-“You want to make flowers?”

-Rust probably could’ve stated that he wanted to become a Teletubby/male stripper in the future, and McConaughey probably would’ve sold that character turn.

-I love the shot taking us from Errol’s house, through the swamps and the woods, and back to the tree that started it all. First of all, it’s a testament to the fantastic directing, and it also serves to emphasize just how essential the location was to the story.

-“Don’t ever change, man!” *Middle fingers* I’ll miss the Rust-Marty banter, and I’m especially glad that this episode brings that back with the car conversations; one last Woody Harrelson exasperation face, guys.

-“What’s scented meat?”

-That’s Ann Dowd as Errol’s half-sister. Um, fingering.

-I honestly couldn’t care less about Audrey tying into the finale, as I took this storyline as a mark of someone who, although something probably happened, was going through this dark period in her life. Yes, there was a connection to the cult, but sometimes, we don’t get the full picture, and that’s fine.

-Marty sipping the straw made me laugh harder than it should have.

-I would’ve liked to see more done with the interviews; it was a fascinating concept that could’ve tied together some character beats nicely, but it ended up not doing as much as it should’ve.

-So, after Rust went “And then I woke up”, anyone get “No Country For Old Men” vibes?

-So, who do we want for season 2? How about…Laura Dern/David Lynch?

-It’s been a pleasure writing about this show. See you all next year.

Photo credit: HBO, True Detective

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9 Responses to “True Detective “Form and Void” Review (1×08)”

  1. JustMeMike March 10, 2014 at 12:32 am #

    On the creepiness scale A+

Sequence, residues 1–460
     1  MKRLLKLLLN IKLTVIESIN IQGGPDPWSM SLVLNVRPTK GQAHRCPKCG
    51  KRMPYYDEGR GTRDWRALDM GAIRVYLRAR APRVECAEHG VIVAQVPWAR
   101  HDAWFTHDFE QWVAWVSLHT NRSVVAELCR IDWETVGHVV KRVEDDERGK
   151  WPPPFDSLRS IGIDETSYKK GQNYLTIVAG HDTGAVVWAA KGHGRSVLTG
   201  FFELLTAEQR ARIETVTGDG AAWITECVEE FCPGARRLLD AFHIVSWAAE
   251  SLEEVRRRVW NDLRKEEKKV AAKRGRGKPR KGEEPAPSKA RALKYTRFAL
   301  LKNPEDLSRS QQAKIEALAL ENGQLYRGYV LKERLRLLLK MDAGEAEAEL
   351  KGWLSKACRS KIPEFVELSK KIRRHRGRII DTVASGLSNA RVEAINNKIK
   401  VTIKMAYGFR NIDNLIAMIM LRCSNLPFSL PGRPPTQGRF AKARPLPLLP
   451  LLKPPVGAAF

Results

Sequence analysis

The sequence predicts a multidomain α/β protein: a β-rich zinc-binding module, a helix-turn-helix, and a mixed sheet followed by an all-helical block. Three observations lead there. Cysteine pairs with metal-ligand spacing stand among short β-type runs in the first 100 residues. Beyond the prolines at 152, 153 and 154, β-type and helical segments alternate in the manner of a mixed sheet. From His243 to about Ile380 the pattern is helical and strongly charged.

On the violence scale A
    The Acting A+
    The writing of the last episode B-
    The direction A+
    Set Direction & Set Design – AAAAA+++++

    Other thoughts – how did the police find them?
    What was the point of Errol eying the little boy?
    How long did it take them to ‘decorate’ the last home?
    Finally – can you explain why the green paint was significant to me.

    I;ve read everything you’ve written on this show – I think this was easily your best one.

    • polarbears16 March 10, 2014 at 12:40 am #

      Marty tied the green paint to the green-eared spaghetti monster, which led the two out to Errol’s house. A bit far-fetched, of course.

      Thank you! Will you be having a review up?

      • JustMeMike March 10, 2014 at 1:10 am #

        Actually no – I won’t be doing a True Detective piece. I’ve started a series called Borgen. A major series for three seasons on Danish TV and the BBC. I bought the DVD for season one, and will be ordering the DVD for Seasons 2 & 3.

        Think of the best parts of West Wing, The Newsroom, and House of Cards – Borgen is better than all three. I’ll have a post on this show in a day or so.

        link to the trailer:

      • polarbears16 March 10, 2014 at 1:17 am #

        Ah, I’ve heard good things about that show, but I’ve never seen it. I’ll see if I can find some time to squeeze that into my schedule; it looks good.

    • polarbears16 March 10, 2014 at 1:03 am #

      Also, it’s my understanding that they sent out a call to Papania and Gilbough, and that’s how they were found; it was iffy for them on whether it went through, though. Apparently it did.

  2. holditnow March 10, 2014 at 8:56 am #

    Going to miss this show, and your great recaps.

  3. louisoc March 10, 2014 at 11:43 am #

    Great recaps, hope you continue them next season if HBO picks it up again!

    • polarbears16 March 10, 2014 at 12:14 pm #

      Thank you! I’m 99% sure it’ll be picked up again, and I will be covering it next year.

      I’m so glad you commented, because I checked out your blog and we watch (and cover) pretty much the exact same shows. I look forward to reading more from you.